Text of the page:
A White Christmas In Fla. — Already A Slim Bet — Grows Less Likely As Winters Quickly Warm

Dec 21, 2018

It’s that time of year when children start to ask, “Are we going to have a white Christmas?” In Jacksonville this year, the answer is a pretty resounding no.

Despite some historic, early-season snow in parts of the U.S., the overall snow-covered area in North America is shrinking as temperatures rise globally. To top it all off, winter is the fastest-warming season in most of the country, including in Florida.

Winter is the fastest-warming of all the seasons, all of which are getting hotter.
Credit Climate Central

The average temperature in December throughout the U.S. has climbed by just over 2 degrees Farenheit in the last half-century, 2.1 degrees in Jacksonville, according to Climate Central.

“In Jacksonville, so far this December, temperatures have been running about a half-a-degree above normal — nothing too unusual,” said Florida Public Radio Emergency Network meteorologist Jeff Huffman.“Precipitation wise, though, at the airport, we’re about 2 inches above normal to date.”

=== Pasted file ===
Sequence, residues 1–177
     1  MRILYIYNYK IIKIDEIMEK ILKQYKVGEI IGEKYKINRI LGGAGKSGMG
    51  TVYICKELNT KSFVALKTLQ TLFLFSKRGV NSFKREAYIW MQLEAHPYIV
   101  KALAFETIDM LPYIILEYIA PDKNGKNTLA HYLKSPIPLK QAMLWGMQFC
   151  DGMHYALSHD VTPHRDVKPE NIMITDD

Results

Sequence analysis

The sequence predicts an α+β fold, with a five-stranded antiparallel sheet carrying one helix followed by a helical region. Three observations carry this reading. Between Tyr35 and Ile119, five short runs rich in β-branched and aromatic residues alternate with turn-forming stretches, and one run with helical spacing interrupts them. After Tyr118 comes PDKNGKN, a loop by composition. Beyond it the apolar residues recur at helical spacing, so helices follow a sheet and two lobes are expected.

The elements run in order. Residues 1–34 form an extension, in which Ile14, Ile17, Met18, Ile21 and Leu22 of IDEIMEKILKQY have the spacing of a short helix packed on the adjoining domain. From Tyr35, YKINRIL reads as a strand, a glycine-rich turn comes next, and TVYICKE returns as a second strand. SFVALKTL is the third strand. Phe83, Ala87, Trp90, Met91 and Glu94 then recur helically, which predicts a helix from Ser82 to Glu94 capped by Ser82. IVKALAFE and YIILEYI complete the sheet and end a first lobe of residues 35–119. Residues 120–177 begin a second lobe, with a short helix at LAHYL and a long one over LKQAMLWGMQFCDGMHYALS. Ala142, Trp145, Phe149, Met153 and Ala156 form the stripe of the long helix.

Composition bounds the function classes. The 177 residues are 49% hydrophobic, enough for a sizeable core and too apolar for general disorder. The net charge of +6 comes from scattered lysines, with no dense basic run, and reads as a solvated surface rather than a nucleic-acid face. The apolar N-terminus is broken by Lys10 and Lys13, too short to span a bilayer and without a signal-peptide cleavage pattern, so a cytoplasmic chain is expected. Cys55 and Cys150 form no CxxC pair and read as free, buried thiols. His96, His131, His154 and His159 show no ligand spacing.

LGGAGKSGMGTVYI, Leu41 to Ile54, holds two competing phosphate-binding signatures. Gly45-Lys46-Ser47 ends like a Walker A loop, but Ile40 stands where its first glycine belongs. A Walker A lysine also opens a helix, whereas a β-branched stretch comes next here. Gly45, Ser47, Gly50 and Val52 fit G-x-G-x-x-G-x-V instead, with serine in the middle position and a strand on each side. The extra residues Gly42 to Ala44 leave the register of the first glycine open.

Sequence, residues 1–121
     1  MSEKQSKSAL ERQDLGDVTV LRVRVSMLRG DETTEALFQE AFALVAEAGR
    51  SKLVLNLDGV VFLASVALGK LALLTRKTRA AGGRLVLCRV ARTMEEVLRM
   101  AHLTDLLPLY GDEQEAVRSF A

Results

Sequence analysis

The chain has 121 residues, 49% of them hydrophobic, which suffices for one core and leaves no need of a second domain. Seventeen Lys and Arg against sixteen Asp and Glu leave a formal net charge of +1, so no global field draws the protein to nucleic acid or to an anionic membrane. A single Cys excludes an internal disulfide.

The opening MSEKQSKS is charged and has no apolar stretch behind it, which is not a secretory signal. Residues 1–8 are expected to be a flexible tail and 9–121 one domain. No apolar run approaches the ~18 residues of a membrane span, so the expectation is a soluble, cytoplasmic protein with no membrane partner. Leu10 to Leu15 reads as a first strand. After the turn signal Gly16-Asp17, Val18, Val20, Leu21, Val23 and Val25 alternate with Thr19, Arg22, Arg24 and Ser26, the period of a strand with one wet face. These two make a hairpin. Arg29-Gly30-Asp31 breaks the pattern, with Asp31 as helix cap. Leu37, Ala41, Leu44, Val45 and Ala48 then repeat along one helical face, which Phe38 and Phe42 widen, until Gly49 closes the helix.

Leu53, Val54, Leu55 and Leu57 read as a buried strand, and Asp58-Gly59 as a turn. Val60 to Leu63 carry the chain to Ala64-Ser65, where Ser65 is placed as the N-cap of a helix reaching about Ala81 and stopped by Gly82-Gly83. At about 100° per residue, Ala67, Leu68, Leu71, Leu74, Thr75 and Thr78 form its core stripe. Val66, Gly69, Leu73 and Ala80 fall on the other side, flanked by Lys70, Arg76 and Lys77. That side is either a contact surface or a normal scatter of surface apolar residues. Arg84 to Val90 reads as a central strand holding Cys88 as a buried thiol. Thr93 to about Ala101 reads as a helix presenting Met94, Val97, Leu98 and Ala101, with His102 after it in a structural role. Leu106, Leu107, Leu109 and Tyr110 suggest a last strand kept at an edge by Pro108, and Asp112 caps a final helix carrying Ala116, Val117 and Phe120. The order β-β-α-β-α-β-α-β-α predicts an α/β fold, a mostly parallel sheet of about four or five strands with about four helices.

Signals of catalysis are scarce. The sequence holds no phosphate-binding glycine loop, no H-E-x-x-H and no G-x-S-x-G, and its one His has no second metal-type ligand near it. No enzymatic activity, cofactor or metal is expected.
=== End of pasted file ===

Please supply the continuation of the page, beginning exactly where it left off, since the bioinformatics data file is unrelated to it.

According to Huffman, Jacksonville is no stranger to extremes on Christmas.

“The coldest Christmas morning in Jacksonville was 11 degrees in 1983,” he said. “The warmest Christmas afternoon we’ve had was not that long ago: 82 back in 2015.”

He believes the River City is in for a clear and mild holiday this year.

“Thankfully, the weather pattern will really calm down over the next few days,” he said. “I’m expecting a beautiful Christmas holiday here in Northeast Florida. Temperatures close to normal, probably in the upper 60s, low 70s and dry weather. In fact, I don’t see any major storms affecting us, probably, until the beginning of the new year.”

That means Jacksonville’s chances of a white Christmas this year are slim to none. But the natives should be used to that by now.

Climate Central says Jacksonville has a 0 percent chance of snow on Christmas.
Credit Climate Central

“Officially there hasn’t been one, considering by most definitions the requirement for a white Christmas is an inch of snow on the 25th,” he said. “The only thing we have on record, at the airport, was a trace — and that could have just been flurries —  in 1993. But in 1989, there was a snow event that many may remember that produced 2-to-4 inches of snow, two days before the holiday.”

Brendan Rivers can be reached at brivers@wjct.org, 904-358-6396 or on Twitter at @BrendanRivers.